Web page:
Campus Life, China, Cultural Differences, Teaching, University Teaching

One down. Seventeen to go.

The first week of the semester went down relatively smoothly. It felt long and tiring, but I took comfort in the knowledge that it would eventually finish. After my summer sloth, it’s quite a transition.

First classes always seem to get taken up with lots of bureaucratic details: textbooks, grading, class expectations, etc., etc., etc. Blah, blah, blah. Or that’s my interpretation of the looks on the students’ faces. I try to remember that even the classes I came to love last semester looked much like this on the first day.

Some classes are almost all students from last semester. Some of them I feel moderately optimistic about; others I had to restrain a sarcastic “together again.” It’s a mixed bag for sure.

I am teaching my Tourism English class again, three sections of it. I have some required English courses for second year students: reading & writing, listening, oral English. I have some oral classes for English majors. I am also teaching a short course for MA TESOL students on teaching pronunciation. Surprised? Me too. I figured it would be a good challenge and a nice something to add to the ‘ol resume. Yes, yes, but it’s also been taking me like ten hours to plan a 1 ½ hour lesson. And, no, I do not get paid for teaching hours. The students are lovely though and at least all the planning keeps me out of trouble.

The added challenge of the first week was moving apartments. The university renovated a block of apartments for the foreign teachers and we were told to move in the day before the semester started. Nice. However, the building was not really complete and issues immediately presented themselves: Internet, electricity, incomplete furniture, etc., etc. We had a week to complete the move, so on Sunday I just stuffed as much as I could into my suitcases, packed up my books and papers and sent it all off with the ridiculously tiny, but ridiculously strong Chinese moving guys. For the first few days I stayed in the old building with just the essentials.

On Thursday when I had most of the day teaching-free I completed my move only to find out the Internet still wasn’t working. I’d waited until Thursday thinking that all the kinks would be worked out. Surely! But, no, kinks galore. I was having last year déjà vu: workmen tromping in and out to install things, inspect things, missing items, and lots of noise. I tried to not let my irritation get away from me. For a country that has students who major in logistics, I see very little evidence of their application in university matters. I said, nicely, to several people, “Wouldn’t it make more sense to just finish everything and make sure it’s all working before having everyone move in?”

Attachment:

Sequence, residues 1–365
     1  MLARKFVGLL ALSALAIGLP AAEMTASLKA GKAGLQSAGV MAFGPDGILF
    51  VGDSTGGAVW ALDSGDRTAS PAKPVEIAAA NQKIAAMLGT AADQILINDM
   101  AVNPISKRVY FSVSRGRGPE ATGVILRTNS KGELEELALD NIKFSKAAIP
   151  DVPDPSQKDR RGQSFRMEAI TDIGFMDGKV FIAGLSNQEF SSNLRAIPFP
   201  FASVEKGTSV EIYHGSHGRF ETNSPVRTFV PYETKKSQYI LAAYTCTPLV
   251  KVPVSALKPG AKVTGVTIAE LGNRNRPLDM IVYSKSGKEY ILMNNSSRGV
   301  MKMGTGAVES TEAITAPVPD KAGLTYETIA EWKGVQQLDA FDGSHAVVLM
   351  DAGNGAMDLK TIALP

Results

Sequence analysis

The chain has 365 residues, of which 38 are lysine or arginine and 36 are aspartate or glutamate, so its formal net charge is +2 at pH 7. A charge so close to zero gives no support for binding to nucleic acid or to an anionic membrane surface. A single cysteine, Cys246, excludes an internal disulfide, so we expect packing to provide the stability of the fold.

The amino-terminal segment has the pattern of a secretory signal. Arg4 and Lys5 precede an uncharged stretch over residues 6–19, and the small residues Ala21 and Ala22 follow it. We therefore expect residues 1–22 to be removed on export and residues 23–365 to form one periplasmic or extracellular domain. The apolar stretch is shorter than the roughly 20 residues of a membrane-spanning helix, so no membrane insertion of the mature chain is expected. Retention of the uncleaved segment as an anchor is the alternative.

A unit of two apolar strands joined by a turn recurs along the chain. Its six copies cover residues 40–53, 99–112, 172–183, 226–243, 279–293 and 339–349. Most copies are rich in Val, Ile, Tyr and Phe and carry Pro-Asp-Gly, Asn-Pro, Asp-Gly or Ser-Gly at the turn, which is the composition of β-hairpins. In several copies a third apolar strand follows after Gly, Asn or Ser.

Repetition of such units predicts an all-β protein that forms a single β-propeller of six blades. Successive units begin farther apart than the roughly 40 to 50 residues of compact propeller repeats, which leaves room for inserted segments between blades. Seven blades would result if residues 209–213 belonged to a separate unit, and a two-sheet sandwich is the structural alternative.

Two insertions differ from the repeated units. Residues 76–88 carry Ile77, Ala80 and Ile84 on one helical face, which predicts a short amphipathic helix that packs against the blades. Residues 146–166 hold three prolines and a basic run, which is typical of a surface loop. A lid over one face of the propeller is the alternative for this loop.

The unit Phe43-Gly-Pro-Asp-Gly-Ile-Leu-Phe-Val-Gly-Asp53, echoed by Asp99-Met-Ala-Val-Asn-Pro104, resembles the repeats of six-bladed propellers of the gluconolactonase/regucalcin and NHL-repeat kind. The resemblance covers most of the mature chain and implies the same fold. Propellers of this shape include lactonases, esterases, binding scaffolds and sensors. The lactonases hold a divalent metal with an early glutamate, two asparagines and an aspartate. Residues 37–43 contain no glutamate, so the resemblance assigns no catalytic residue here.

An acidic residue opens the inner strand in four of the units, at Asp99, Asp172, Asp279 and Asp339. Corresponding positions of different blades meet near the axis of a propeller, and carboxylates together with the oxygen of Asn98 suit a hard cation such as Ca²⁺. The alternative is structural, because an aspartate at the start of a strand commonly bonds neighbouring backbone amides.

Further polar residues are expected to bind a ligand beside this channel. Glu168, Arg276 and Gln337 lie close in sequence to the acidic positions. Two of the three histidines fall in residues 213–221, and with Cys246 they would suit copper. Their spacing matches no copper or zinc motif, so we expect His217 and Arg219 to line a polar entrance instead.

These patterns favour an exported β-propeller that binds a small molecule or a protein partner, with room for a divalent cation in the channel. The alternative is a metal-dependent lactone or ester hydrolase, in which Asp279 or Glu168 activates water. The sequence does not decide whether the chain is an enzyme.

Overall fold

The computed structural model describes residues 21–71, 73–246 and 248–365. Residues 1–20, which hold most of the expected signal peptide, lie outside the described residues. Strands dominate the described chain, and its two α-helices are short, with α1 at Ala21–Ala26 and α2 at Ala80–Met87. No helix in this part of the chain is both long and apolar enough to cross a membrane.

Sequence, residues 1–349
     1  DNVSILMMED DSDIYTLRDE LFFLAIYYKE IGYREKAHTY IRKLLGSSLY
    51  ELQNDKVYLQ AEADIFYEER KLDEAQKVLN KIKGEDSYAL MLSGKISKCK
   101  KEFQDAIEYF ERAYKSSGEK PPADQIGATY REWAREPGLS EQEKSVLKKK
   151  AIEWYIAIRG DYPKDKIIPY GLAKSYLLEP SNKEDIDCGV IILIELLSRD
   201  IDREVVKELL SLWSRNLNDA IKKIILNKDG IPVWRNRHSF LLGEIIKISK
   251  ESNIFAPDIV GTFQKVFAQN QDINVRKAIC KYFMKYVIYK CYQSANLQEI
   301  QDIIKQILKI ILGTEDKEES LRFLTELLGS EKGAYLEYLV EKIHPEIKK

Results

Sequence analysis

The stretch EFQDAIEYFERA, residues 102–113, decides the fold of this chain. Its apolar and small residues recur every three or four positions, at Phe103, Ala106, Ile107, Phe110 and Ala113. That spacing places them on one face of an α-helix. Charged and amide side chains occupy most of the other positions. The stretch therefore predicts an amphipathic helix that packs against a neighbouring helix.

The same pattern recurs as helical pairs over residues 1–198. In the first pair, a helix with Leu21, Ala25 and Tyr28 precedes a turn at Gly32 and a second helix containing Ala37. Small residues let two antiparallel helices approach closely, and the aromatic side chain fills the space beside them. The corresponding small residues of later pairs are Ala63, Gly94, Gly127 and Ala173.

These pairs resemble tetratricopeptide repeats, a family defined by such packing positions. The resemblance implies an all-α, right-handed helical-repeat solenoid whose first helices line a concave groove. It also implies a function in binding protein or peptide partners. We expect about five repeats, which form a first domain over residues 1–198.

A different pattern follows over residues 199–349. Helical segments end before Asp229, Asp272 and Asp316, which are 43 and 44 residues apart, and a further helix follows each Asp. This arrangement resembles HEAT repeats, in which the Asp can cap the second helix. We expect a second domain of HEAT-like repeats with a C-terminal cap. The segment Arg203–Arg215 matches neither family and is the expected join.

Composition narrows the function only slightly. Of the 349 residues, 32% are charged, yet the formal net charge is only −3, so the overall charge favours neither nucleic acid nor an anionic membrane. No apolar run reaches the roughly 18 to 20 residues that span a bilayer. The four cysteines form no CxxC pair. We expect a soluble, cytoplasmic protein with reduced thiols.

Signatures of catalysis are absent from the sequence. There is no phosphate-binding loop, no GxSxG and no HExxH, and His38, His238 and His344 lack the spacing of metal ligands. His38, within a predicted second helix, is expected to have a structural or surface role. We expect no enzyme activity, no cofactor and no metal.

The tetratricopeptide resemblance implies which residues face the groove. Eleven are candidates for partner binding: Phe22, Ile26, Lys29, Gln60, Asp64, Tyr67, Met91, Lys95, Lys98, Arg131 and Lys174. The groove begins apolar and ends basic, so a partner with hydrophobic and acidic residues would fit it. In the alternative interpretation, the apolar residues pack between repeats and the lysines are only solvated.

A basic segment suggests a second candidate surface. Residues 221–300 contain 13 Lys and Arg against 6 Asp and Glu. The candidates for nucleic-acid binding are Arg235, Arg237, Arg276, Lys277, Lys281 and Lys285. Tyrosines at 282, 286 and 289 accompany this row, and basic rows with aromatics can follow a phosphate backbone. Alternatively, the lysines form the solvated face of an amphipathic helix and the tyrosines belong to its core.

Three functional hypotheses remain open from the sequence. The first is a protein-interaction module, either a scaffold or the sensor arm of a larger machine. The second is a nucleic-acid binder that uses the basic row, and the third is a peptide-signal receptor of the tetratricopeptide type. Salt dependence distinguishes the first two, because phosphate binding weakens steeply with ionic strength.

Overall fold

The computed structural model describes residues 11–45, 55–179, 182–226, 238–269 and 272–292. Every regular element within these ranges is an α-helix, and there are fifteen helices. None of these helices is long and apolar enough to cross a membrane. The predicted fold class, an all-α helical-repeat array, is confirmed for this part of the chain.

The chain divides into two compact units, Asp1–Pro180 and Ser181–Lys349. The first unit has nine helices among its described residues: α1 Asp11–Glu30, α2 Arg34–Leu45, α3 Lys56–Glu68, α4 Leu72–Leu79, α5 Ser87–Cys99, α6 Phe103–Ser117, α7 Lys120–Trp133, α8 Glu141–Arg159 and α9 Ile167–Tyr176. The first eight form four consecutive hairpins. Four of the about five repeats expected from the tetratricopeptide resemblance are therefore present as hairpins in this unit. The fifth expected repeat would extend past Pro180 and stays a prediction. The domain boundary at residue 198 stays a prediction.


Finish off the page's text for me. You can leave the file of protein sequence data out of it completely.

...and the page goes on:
To their credit, the Internet problem was resolved within 24 hours. I get seriously panicky without Internet and begin to experience withdrawal-like symptoms, so I was relieved. And very grateful.

It’s a beautiful apartment. A proper one-bedroom place, not a studio. Though there were some rather odd choices about cabinetry and furniture placement, I’m confident I’ll get over it. It’s adapt or die over here. And to put it all in perspective a foreign teacher who’s been in China a long time told me foreigner housing is usually called the “panda house.” Ouch. I’ll be sure to munch my bamboo quietly and gratefully.


One thought on “One down. Seventeen to go.

  1. Conney Alexander says:

    Good for you, Amy! Adapting and not flipping out is always the issue for me when I travel. I see that you have constant occasions when you could be irritated. It doesn’t feel good at the moment, but a little while later, I always feel better if I just breathe and say, “It’s ok. No big thing.” If I resist the small tantrum – better!
    Meanwhile, here in Oregon, we are having a gorgeous autumn, eating tons of delicious tomatoes and peppers. Everyone is giving away their squash to everyone else – or trying to!
    Our Woollett cousins, Ted and Kathleen, are visiting us today from SLO. He is a retired physics professor. He is the guy that, when a child, got polio at Mt. Hermon from swimming in ‘the old swimming hole’ (what is now the rec field). So sad. He did well with mobility all his adult life, but now at 80, he has had ‘post polio; syndrome for 10 years and uses a wheel chair. They are a smart and very nice couple.
    Well, speaking of that visit, I have to go read recipes on line for the stuff I’m making! Much love to you, dear girl, and I’ll keep in touch! -Aunt CM

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